She eventually decided to have the abortion, although right up to the day she was in turmoil as to whether it was the right decision, particularly since she had had a termination at 16. She has told me his parents don’t know about it. She had asked him to tell them, but as far as we know he hasn’t.

I fully accept her decision to have an abortion, but what I can’t accept is that a man who professes to love my daughter would press her to have an abortion because “he is not ready”. And she is still with him, hoping he will ask her to marry him, and wanting to marry him, this man who forced her to terminate her pregnancy because it didn’t suit him.

My question is: can I get my daughter to see that this man is no good for her, or do I just accept that she is with him and bear it? I have a wonderful relationship with her. She had given him an ultimatum of April for a proposal but, of course, that hasn’t happened and she has now moved the goalposts to Christmas. I feel powerless and I probably am.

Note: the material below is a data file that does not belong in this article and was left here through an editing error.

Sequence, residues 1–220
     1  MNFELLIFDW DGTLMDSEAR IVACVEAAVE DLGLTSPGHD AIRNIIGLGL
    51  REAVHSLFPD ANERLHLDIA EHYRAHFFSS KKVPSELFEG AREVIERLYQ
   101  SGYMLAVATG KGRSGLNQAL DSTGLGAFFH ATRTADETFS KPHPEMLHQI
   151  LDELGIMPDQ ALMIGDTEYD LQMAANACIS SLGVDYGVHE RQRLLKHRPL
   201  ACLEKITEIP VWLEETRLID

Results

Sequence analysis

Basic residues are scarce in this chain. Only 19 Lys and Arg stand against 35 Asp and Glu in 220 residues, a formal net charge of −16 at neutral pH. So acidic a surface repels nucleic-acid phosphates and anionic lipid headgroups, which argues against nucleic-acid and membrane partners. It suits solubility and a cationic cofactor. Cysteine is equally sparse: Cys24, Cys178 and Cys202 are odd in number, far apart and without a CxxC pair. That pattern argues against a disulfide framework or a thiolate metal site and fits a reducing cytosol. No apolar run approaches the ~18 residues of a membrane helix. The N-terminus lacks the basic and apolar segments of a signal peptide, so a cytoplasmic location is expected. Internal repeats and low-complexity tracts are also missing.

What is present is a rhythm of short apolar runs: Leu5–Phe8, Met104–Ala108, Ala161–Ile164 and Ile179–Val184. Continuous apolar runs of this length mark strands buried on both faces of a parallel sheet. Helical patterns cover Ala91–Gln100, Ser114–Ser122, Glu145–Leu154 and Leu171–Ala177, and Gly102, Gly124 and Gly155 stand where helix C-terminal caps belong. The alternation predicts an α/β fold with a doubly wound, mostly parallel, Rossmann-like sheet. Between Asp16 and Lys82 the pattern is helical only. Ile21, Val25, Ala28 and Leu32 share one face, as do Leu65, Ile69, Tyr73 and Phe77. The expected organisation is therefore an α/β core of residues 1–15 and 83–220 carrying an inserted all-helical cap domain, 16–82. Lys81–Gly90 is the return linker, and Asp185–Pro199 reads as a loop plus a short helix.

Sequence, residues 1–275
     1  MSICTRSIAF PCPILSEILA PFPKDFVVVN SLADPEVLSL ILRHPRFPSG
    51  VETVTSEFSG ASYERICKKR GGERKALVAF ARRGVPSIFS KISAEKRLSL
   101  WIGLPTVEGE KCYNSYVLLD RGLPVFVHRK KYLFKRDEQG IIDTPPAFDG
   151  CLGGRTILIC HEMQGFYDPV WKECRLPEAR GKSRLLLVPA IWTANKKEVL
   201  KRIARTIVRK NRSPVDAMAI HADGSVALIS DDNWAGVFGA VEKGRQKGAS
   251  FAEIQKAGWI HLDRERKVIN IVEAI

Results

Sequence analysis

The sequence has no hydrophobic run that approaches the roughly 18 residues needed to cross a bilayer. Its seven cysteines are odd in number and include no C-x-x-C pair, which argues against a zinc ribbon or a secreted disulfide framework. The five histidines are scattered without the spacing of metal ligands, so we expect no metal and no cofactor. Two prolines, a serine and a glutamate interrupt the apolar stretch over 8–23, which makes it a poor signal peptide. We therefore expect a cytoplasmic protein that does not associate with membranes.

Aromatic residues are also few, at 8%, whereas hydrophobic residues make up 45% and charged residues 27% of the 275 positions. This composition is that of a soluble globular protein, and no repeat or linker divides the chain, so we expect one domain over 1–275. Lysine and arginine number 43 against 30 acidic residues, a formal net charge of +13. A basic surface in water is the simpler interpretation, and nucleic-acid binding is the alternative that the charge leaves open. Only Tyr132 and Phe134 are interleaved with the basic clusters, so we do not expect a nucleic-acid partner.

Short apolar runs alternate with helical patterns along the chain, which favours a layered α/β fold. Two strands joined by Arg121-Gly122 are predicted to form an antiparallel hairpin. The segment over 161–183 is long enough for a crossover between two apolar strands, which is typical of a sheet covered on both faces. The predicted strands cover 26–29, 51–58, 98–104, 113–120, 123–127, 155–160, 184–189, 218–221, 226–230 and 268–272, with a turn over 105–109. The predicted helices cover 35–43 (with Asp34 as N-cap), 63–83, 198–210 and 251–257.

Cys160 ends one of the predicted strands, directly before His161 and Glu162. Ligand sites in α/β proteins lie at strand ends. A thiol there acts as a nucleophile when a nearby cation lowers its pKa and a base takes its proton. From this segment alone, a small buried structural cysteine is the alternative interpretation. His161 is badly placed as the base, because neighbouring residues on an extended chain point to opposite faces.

G, via email 

I sense how much you love your daughter, so I would like to stress that everything I say is in the spirit of trying to help and is kindly meant. But I think you need to step back and see the part your daughter is playing in her own life. I think your letter belies some frustration towards your daughter, but it is easier and safer for the boyfriend to become the repository for all the anger.

I was left asking three big questions. If she wants to marry, why doesn’t she ask him? If she didn’t want an abortion, why did she have one? And who takes responsibility for contraception? It is all skewed towards what the boyfriend wants, and she is letting that happen. This is not about blame, but observation and taking responsibility.